– Katie Akin, Des Moines Register
Three men who have been in the White House fanned out across Pennsylvania on Saturday to give a push to Senate candidates in one of the nation’s hottest races.
President Joe Biden and former President Barack Obama appeared in Pittsburgh and Philadelphia to campaign for fellow Democrat John Fetterman, while former President Donald Trump held a rally to boost Republican Mehmet Oz in Latrobe.
Trump told the crowd they need to elect Oz as part of a “giant red wave” on Election Day.
The Oz-Fetterman race could decide whether Republicans or Democrats control the U.S. Senate; Pennsylvania will also go a long way toward determining the presidential winner in 2024, just as it fueled the victories of Obama, Trump, and Biden.
– David Jackson, Francesca Chambers, Kim Strong
What are the midterms, anyway? The midterms are halfway through a president’s four-year term. Although the presidency is not on the ballot, control of the House and Senate will determine if President Joe Biden will be effective in progressing his agenda during the remaining two years.
Looking for answers on how to vote or the top issues in the midterm elections for 2022? Here are some resources:
Questions on voting?: Last-minute voting guide for Nov. 8: How to vote and what’s on the ballot
– Sarah Day Owen Wiskirchen
Despite an unprecedented U.S. focus on preventing hackers from targeting the midterm elections Tuesday, there are still concerns that malicious cyber operatives could disrupt or influence the vote by penetrating polling stations, voter registration rolls, ballot-counting efforts and even the news reports that tell Americans who’s winning state, local and federal elections.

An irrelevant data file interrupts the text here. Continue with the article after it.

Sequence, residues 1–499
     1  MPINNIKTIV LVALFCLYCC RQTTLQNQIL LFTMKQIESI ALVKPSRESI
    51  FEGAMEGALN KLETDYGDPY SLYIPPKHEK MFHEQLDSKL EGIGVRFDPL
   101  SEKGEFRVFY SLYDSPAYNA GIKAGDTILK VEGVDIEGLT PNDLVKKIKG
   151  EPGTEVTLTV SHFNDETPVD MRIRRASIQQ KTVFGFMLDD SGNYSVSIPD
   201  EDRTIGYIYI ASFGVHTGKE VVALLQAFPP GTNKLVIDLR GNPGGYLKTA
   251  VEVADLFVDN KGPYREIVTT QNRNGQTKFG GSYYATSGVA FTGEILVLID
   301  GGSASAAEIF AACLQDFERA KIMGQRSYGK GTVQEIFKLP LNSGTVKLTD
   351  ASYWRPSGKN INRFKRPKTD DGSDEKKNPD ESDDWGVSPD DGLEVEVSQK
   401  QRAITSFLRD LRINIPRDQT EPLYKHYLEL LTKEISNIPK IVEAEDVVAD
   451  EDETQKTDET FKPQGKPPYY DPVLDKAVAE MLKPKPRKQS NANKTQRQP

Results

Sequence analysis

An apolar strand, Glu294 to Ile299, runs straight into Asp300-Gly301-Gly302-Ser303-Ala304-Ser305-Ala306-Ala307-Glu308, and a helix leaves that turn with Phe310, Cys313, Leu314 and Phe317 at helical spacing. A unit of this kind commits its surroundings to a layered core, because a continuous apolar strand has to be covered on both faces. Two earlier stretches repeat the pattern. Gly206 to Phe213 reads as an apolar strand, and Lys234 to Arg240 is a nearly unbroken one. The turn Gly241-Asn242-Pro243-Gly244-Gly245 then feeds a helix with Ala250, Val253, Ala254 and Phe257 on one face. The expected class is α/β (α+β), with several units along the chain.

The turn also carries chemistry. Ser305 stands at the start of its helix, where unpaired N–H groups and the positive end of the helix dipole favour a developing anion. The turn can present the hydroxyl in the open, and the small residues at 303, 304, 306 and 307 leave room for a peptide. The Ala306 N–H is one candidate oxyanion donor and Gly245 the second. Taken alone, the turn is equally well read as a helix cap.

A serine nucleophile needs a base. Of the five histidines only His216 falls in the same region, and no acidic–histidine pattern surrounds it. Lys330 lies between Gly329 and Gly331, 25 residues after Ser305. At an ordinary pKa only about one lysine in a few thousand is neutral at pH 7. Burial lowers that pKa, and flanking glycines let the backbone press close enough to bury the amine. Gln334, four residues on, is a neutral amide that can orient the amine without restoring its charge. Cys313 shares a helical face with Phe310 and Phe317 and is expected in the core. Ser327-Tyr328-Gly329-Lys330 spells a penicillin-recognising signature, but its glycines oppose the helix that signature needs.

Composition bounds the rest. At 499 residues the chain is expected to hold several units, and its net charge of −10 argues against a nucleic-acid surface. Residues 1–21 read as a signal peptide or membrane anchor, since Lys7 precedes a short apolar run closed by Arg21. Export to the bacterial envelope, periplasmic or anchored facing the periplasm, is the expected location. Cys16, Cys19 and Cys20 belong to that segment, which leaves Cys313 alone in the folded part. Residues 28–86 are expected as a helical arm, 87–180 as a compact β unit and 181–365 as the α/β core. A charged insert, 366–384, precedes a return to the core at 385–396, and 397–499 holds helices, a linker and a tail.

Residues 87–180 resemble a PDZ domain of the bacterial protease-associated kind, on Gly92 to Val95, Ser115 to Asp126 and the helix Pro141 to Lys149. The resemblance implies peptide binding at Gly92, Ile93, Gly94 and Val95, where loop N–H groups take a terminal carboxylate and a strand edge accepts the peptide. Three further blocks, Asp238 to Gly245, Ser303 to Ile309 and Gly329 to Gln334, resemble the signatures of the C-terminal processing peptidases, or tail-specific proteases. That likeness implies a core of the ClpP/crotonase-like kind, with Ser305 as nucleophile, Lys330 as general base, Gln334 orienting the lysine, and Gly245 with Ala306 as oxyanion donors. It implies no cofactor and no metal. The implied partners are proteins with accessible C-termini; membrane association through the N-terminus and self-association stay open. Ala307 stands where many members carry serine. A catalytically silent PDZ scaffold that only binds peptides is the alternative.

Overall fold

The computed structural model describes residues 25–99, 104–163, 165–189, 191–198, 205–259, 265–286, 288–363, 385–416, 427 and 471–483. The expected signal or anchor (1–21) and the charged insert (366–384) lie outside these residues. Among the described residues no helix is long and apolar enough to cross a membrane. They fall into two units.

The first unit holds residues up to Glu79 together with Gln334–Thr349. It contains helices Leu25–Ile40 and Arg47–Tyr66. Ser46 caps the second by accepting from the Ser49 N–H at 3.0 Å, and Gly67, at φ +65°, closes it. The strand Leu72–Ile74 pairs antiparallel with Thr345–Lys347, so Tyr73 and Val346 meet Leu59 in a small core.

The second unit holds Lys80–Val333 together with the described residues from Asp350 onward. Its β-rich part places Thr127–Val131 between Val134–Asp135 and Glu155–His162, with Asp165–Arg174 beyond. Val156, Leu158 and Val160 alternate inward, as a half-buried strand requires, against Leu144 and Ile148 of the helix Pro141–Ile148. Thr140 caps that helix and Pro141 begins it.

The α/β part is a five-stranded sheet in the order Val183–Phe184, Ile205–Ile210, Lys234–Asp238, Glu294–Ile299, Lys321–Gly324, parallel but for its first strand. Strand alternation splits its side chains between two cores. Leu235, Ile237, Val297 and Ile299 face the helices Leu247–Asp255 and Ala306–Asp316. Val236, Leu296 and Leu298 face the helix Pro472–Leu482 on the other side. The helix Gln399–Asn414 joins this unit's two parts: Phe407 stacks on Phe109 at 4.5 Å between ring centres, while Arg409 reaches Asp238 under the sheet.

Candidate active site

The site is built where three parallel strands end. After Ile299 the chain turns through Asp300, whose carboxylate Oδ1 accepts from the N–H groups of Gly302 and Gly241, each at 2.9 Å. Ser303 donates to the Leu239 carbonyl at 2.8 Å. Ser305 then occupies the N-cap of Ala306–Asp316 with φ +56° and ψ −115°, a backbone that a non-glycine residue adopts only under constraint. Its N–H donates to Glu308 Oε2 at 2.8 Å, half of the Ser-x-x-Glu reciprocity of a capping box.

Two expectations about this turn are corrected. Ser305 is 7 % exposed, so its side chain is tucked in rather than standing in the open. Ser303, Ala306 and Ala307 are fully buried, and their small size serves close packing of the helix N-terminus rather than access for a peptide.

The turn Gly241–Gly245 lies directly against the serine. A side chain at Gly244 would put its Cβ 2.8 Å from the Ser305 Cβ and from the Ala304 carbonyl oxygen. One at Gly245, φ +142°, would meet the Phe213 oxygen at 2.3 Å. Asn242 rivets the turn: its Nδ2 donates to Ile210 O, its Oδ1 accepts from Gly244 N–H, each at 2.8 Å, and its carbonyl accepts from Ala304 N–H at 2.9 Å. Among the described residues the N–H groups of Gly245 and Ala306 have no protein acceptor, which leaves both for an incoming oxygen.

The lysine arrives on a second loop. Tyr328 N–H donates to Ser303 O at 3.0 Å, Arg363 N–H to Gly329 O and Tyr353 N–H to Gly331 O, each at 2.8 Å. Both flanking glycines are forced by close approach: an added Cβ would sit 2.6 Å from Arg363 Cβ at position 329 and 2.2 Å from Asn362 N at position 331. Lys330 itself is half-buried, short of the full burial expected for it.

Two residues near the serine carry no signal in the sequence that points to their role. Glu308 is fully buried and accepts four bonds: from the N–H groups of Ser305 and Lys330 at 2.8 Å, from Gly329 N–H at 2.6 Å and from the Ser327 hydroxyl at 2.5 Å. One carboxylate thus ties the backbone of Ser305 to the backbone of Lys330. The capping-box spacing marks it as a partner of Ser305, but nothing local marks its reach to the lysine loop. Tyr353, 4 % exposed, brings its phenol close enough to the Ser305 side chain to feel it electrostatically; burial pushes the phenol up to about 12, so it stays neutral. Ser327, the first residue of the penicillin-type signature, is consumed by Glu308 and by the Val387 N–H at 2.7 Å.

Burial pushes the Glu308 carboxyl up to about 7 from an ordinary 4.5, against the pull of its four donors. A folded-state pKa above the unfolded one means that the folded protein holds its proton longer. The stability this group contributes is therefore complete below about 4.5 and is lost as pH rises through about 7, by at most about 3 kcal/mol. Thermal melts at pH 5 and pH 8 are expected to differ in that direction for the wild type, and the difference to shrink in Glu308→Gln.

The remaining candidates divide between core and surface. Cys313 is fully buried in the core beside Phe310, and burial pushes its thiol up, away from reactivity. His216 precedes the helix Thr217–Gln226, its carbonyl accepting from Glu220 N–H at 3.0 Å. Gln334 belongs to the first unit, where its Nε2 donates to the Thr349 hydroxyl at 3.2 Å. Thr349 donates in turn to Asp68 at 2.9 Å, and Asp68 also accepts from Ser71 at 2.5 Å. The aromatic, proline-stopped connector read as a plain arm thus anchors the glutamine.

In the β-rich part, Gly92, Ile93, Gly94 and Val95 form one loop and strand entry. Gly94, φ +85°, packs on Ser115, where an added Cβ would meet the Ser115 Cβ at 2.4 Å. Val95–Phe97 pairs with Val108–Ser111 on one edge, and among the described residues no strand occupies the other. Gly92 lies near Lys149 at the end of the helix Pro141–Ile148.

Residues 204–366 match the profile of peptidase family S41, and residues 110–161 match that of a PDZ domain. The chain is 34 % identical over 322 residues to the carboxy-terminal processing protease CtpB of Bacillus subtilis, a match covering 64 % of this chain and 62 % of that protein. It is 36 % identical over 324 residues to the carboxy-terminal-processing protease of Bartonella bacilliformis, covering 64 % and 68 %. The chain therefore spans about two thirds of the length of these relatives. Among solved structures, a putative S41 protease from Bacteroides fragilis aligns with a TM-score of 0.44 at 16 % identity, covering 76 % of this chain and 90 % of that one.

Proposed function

But here’s what really concerns public and private sector security analysts: malicious cyber actors who claim that the election was hacked or stolen, even when nothing of the sort occurred. Such false claims, building on years of bogus election fraud narratives that began well before the 2020 presidential election, they say, could plunge the country into an unprecedented environment of political chaos and violence even worse than that which spawned the Jan. 6, 2021 attack at the U.S. Capitol.
Read more about it: Here’s why security officials are concerned about claims of a hacked (or stolen) election
– Josh Meyer
In the week before the Nov. 8 midterm election, candidates in battleground states faced off in their final debates and, possibly, their final opportunities to sway undecided voters.
Key issues including abortion and inflation took center stage. And despite efforts by moderators and citizen questioners to get candidates to explain their positions in detail or elaborate on under-the-radar issues, Republicans and Democrats largely stuck to their well-rehearsed talking points.
Georgia gubernatorial candidates Gov. Brian Kemp and Stacey Abrams and New Hampshire Senate candidates Sen. Maggie Hassan and Don Bolduc were among the candidate that faced off a final time before Election Day.
Final debate moments recap: Top moments from the last debates leading up to election night
– Savannah Kuchar